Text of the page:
I can’t speak from as much experience as some of you. I own the following from Quality Chess:

    Paperback Only:
    – Play the Semi Slav
    – Beating the Open Games
    – The Berlin Wall
    – Experts vs the Sicilian (2nd edition)
    – Tiger’s Modern
    – Grandmaster Repertoire 1
    – Practical Chess Defense

    Hardback Only:
    – Grandmaster Repertoire 4
    – Grandmaster Repertoire 5
    – Play the Scandinavian

    Both Paperback and Hardback:
    – Grandmaster Repertoire 3

    My comparison analysis is that the Hardbacks are obviously better in the one sense that they lay flat, even on early and late pages, which I wasn’t convinced about until a friend of mine showed me with his hardcover book on the Caro-Kann. That’s when I started going hardback. You can keep the book open without br

    As for the paperbacks. I have not had any glue problems, or pages sticking, or anything of that nature. The laminating (or whatever the outer part is that makes it smooth and glossy on the cover) is slightly starting to come off the edge of the book in 2 small places (on the back cover, the size from where you open the book), for “The Berlin Wall”. The rest of them has remained 100% intact aside from normal wear and tear of a paperback.

    This is a LOT better than typical problems I have with paperbacks of other publishing companies.

    For Example: I probably have more everyman books than anything else. While “The Berlin Wall” has 2 small “bubbles” where it looks like the cover is seperating, a few of my everyman books have it happening all along the edge of the cover (I’m not at home, so I couldn’t name all of them, but I know it’s happening with The Rubinstein Nimzo Indian book [Red cover from 2004 or so], and not quite as bad, but worse than “The Berlin Wall” for Davies’ book on the Reti).

    Another common thing that I have happen with some of my books by Everyman that I have yet to see happen with Quality Chess is splitting of the cover (not the lamination, but actual splitting of the paper layers) at the corners.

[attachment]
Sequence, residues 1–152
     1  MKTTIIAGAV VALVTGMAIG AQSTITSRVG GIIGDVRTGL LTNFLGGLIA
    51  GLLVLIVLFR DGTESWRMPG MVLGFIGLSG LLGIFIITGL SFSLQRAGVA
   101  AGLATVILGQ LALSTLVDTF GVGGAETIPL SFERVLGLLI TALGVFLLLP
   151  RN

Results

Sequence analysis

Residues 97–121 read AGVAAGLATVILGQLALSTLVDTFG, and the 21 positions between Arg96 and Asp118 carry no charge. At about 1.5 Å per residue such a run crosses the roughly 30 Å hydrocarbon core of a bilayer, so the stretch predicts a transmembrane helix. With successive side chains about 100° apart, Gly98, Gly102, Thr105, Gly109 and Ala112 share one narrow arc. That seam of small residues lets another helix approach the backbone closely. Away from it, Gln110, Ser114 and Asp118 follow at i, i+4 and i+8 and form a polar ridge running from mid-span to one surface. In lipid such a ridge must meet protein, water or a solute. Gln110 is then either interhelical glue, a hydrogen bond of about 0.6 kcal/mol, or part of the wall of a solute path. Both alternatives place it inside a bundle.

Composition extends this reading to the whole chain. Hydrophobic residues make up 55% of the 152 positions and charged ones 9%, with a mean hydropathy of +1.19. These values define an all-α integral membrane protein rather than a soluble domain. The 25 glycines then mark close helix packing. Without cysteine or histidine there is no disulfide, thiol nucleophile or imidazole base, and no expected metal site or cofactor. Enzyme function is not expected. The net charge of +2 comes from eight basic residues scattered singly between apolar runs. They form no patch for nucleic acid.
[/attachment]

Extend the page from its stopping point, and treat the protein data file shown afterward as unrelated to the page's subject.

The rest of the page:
The hardbacks are absolutely worth the money, but compared to other publishers, the paperbacks still outbeat them.

    Lastly, certain types of paper seem to resist heat better than others. You leave any book in a 140 degree car for 8 hours laying out on the seat with the car parked at an angle where the sun is beaming on it, then any book you get will warp, but when not in the extreme worse scenario, some books are better than others at resisting heat and having the paper warp. The worst here were those old books published by Henry Holt in the early 90s (like Uhlmann’s Winning with the French, or Kosten’s Winning with the Philidor, or Kosten’s New Ideas in the Nimzo-Indian Defense). I have yet to see any Quality Chess books have their pages warp, but at the same time, I try to keep my books out of the heat.

    I can see, looking at GMR 4 and GMR 5, the complaint about paper thinness, and being able to see thru the page, but you really have to look hard to do that. I personally don’t see it as a distraction. In some ways, it lower’s the weight of the book. If you look at GMR 3 vs GMR 4, the latter is about half the thickness and half the weight of the former, but yet it’s only between 40 and 50 pages less. You start carrying around all 3 of them, and the weight adds up, so in my opinion, lighter is better.